January 2002 / Volume 47 / Number 1 / Page 31
A Survey of Albuterol Administration Practices in Intubated Patients in the Neonatal Intensive Care Unit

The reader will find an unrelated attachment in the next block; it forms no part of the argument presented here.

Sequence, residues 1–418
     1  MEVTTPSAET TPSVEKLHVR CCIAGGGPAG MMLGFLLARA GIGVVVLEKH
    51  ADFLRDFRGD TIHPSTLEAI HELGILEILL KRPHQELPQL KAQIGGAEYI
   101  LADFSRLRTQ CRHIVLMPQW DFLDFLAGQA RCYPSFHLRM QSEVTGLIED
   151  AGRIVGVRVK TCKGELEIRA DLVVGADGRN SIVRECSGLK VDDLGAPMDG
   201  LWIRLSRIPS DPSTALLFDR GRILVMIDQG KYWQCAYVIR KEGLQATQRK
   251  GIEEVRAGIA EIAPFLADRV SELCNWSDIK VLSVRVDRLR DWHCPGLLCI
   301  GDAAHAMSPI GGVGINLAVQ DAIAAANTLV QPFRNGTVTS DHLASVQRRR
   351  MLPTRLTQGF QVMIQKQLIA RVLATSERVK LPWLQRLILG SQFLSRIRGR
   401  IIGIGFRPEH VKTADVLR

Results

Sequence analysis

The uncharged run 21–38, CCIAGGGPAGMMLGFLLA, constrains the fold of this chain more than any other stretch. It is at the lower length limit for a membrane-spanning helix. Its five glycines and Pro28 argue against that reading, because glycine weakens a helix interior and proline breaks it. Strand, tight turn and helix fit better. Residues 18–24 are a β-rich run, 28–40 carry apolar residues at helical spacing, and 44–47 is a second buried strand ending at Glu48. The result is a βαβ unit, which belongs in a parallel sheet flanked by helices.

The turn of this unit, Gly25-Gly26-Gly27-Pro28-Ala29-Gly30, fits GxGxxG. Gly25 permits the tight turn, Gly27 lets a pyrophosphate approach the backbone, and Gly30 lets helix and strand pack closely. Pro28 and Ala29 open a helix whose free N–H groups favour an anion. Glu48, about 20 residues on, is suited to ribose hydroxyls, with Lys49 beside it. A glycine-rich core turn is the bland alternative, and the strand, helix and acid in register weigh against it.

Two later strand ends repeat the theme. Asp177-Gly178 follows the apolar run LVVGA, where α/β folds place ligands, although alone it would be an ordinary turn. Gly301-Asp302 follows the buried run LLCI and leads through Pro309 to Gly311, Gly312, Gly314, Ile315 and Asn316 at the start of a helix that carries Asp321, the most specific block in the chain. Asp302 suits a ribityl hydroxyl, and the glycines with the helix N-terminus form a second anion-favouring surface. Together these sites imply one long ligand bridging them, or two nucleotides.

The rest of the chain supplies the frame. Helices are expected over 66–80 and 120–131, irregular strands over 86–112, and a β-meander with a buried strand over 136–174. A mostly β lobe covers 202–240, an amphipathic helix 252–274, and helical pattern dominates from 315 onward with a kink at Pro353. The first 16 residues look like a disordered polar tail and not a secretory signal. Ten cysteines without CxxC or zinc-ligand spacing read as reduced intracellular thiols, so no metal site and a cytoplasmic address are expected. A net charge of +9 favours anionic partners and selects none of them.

INTRODUCTION: Aerosolized albuterol is commonly used in the treatment of neonatal respiratory illnesses. Clinical and in vitro studies have identified numerous factors that affect aerosol drug delivery during neonatal mechanical ventilation, including the choice of metered-dose inhaler (MDI) or nebulizer, the use of a holding chamber, time between actuations, the volume of nebulized solution, and the position and placement of the nebulizer or MDI. Because there is no consensus on the optimal method of administration, there is probably substantial variability among institutions in how aerosolized albuterol is administered to mechanically ventilated infants in the neonatal intensive care unit (NICU). OBJECTIVE: Survey academic medical centers in the United States regarding their practices of administering aerosolized albuterol to intubated newborns in the NICU. METHODS: A survey instrument was developed that queried 18 aspects of albuterol administration in mechanically ventilated infants, including the frequency of MDI and nebulizer use, the average and maximum dose, the time between MDI actuations and following the final actuation, the use of a holding chamber, and the placement location of the holding chamber or nebulizer. Respiratory therapists and respiratory therapy managers having direct knowledge of neonatal clinical practices in their neonatal fellowship program NICUs were surveyed via telephone. Those who did not respond via telephone were surveyed via fax. RESULTS: Eighty institutions were surveyed and there were 68 respondents (85% response rate). Responders averaged 35 ± 13 NICU beds and 11 ± 5 ventilators/d. Nineteen percent of the respondents reported administering albuterol via MDI 100% of the time; 22% use MDIs 75-99% of the time; 9% use MDIs 50-74% of the time; 4% use MDIs 25-49% of the time; and 43% never use MDIs to deliver albuterol. The average dose via MDI was: 1 puff: 30%; 2 puffs: 65%; and 4 puffs: 5%. The maximum dose via MDI was: 2 puffs: 30%; 3 puffs: 14%; 4 puffs: 36%; 6 puffs: 11%; and 8 puffs: 6%. Thirty-one percent of the respondents place the holding chamber in-line with the ventilator circuit, 56% administer the aerosol via manual ventilation, and 13% use both methods. Fifty-six percent place the in-line holding chamber between the endotracheal tube and ventilator circuit, and the other 44% place the in-line holding chamber in the inspiratory limb. The time between MDI actuations depended on whether the holding chamber was placed in-line or the aerosol was administered via manual ventilation (MV): < or = 0.5 min: 18% in-line and 28% MV; 1 min: 47% in-line and 43% MV; 2 min: 6% in-line and 4% MV; 3 min: 6% in-line and 0% MV. Eighty-three percent of respondents indicated that dead space introduced by a holding chamber/spacer was not a concern. Forty-three percent use nebulizers exclusively to administer albuterol to mechanically ventilated patients. Seventy-four percent of centers that nebulize albuterol use a dose of 1.25-2.5 mg. Eighty-eight percent of the surveyed institutions place nebulizers in-line with the ventilator circuit, and the other 12% use manual ventilation to administer the nebulized aerosol. Of those that use in-line nebulization, 95% place the nebulizer in the inspiratory limb of the circuit, and the other 5% place the nebulizer between the endotracheal tube and circuit Y-piece. Among centers that place the nebulizer in the inspiratory limb, 52% place it adjacent to the circuit Y-piece, 36% place it midway upstream in the inspiratory limb, and 12% place it near the humidifier. CONCLUSION: There is substantial variability among NICUs in albuterol administration to mechanically ventilated infants, with the majority of institutions now administering albuterol via MDI.